Outside Ken Lane’s Saanich home, the Monarchist League of Canada’s crown-emblazoned golden flag blows in the wind. Inside, Princess Diana rubs elbows with Charles Dickens over an imaginary cup of tea.
|Ken Lane, former director of the Royal London Wax Museum, hopes to see wax figure tourism revived, a decade after the museum closed. (Nina Grossman/News Staff)
It’s one of the more unusual scenes created for the potential arrival of Meghan and Harry – but Lane’s wax figures have been in “discussion” for weeks over the couple’s potential abandonment of their royal positions.
Lane once operated Victoria’s Royal London Wax Museum, an attraction boasting more than 300 wax figures modeled after politicians, celebrities, folklore characters, historical figures and, of course, royals.
“The most popular storytelling part of the museum was Henry VIII and his six wives,” Lane recalled. “But the most significant, regal wax figure was the Queen Mother. The way she was positioned, the way the lighting would hit her, the way she was glowed and the tiara that she wore. Everything about that figure was just perfect.”
And Lane seems to have a deep connection with the figures. He could sense when something was amiss in the museum.
“One day something didn’t feel right,” he said. “I went most of the way through the museum before I realized Elvis Presley had tipped over.”
In 2010 – after 50 years in operation – the museum shut down. Now most of the glass-eyed, human-haired, beeswax figures are stored in Lane’s climate-controlled basement. There is a potential for melting, but Lane said the figures – which can run for more than $30,000 each – are created with a preservative that aids sculpting and raises the melting temperature.
Notably, each human hair is inserted strand by strand.
At the behest of interested media, a small group of the figures were brought up for tea around Lane’s dining room table, shortly after he learned of the possibility that a certain young Royal couple might be moving to Vancouver Island.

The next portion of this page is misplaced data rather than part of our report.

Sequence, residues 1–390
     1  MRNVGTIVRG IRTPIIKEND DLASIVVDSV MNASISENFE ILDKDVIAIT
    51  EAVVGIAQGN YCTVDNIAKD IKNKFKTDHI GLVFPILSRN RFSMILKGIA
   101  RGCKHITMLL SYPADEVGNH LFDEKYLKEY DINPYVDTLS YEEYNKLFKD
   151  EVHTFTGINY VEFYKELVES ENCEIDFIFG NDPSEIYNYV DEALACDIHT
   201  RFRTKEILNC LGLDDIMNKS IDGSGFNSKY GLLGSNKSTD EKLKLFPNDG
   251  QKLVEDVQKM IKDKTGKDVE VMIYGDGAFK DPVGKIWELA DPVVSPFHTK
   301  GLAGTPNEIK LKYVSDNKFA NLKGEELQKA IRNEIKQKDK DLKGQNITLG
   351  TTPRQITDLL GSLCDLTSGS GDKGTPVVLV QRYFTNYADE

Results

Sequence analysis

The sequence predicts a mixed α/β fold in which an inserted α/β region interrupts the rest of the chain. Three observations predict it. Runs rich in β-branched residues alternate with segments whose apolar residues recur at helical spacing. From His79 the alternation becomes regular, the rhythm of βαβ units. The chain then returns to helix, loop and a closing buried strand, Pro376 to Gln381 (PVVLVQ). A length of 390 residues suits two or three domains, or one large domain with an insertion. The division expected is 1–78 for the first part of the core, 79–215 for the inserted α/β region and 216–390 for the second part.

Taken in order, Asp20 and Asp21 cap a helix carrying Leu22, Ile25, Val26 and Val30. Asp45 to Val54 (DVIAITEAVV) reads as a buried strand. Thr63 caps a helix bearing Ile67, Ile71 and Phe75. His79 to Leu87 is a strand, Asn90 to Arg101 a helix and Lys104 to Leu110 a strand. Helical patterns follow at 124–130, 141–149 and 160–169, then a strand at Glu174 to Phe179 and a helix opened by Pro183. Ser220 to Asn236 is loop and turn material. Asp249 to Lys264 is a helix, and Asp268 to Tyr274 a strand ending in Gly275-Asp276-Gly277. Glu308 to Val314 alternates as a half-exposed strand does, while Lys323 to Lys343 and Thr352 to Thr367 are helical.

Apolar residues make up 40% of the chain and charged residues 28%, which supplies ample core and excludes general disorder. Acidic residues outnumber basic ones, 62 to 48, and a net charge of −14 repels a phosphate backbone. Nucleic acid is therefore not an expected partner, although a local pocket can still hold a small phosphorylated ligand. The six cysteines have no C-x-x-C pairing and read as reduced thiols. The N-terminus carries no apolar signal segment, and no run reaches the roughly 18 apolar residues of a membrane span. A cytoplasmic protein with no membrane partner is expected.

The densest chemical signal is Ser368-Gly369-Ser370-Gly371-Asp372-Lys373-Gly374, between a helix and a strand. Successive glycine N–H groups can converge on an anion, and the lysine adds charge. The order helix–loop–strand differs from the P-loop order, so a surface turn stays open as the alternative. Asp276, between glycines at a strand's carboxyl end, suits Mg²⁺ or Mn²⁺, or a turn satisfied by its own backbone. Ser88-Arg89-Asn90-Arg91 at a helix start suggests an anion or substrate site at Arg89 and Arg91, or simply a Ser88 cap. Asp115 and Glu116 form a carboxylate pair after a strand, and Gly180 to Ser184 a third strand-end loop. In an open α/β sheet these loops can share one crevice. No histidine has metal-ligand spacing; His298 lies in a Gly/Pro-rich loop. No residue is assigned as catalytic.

Princess Diana gazes across the table at Winston Churchill and his bulldog, both seated next to Captain Cook. Across from the captain is Charles Dickens, and on either end sit royal matriarchs, Queen Elizabeth II and Queen Victoria, both in glittering crowns and regal attire.
|Wax figures Charles Dickens, Princess Diana and Queen Elizabeth II enjoy tea with Winston Churchill, Captain Cook and Queen Victoria in Ken Lane's Saanich home. (Nina Grossman/News Staff)
So far, he says the group hasn’t had much to comment about Harry and Meghan’s decision to distance themselves from royal life.
“They won’t talk while we’re here,” Lane said with a laugh.
Lane remains hopeful there will be a wax figure revival. He said he has looked at properties around Canada including a handful in Manitoba, Saskatchewan and B.C., but hasn’t found anything suitable.
“We’ve been kinda slow at finding a new home but it’s also a process of trying different locations and checking out the real estate and tourism market,” he said. “Hope springs eternal. It really depends on the city and the building that you end up in.”
For now, the wax figures represent a moment in the history of Victoria tourism. But any one of them might be lucky enough to come out of storage and share a cup of tea with their dedicated owner and advocate.
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